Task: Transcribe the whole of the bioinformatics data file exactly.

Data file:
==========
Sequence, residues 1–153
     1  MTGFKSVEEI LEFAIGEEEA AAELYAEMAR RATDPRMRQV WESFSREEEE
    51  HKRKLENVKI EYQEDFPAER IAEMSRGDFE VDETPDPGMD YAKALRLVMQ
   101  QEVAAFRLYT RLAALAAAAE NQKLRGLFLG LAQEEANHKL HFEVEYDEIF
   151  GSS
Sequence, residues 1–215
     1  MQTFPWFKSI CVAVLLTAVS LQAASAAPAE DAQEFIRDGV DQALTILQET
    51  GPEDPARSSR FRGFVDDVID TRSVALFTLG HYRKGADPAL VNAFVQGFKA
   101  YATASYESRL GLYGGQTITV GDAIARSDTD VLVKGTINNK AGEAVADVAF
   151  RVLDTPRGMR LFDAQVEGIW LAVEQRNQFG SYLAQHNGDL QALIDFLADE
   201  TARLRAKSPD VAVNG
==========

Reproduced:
Sequence, residues 1–153
     1  MTGFKSVEEI LEFAIGEEEA AAELYAEMAR RATDPRMRQV WESFSREEEE
    51  HKRKLENVKI EYQEDFPAER IAEMSRGDFE VDETPDPGMD YAKALRLVMQ
   101  QEVAAFRLYT RLAALAAAAE NQKLRGLFLG LAQEEANHKL HFEVEYDEIF
   151  GSS
Sequence, residues 1–215
     1  MQTFPWFKSI CVAVLLTAVS LQAASAAPAE DAQEFIRDGV DQALTILQET
    51  GPEDPARSSR FRGFVDDVID TRSVALFTLG HYRKGADPAL VNAFVQGFKA
   101  YATASYESRL GLYGGQTITV GDAIARSDTD VLVKGTINNK AGEAVADVAF
   151  RVLDTPRGMR LFDAQVEGIW LAVEQRNQFG SYLAQHNGDL QALIDFLADE
   201  TARLRAKSPD VAVNG